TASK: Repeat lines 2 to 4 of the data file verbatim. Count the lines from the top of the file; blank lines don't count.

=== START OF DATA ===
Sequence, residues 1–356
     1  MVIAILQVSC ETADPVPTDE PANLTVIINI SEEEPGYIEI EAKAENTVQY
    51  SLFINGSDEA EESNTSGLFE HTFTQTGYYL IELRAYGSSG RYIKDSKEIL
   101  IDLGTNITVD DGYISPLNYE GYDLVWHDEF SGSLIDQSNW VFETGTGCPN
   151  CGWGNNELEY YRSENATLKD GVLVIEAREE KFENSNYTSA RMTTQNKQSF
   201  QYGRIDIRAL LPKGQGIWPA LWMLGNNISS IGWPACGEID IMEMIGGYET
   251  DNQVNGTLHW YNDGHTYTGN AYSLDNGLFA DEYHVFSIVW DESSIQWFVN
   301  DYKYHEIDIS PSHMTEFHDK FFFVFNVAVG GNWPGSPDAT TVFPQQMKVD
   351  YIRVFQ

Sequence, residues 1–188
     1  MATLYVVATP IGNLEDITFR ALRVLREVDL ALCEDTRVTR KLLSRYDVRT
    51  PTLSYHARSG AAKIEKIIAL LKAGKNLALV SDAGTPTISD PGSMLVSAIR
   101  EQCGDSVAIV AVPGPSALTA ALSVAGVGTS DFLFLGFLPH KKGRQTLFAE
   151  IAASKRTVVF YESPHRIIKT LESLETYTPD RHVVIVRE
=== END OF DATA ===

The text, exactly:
     1  MVIAILQVSC ETADPVPTDE PANLTVIINI SEEEPGYIEI EAKAENTVQY
    51  SLFINGSDEA EESNTSGLFE HTFTQTGYYL IELRAYGSSG RYIKDSKEIL
   101  IDLGTNITVD DGYISPLNYE GYDLVWHDEF SGSLIDQSNW VFETGTGCPN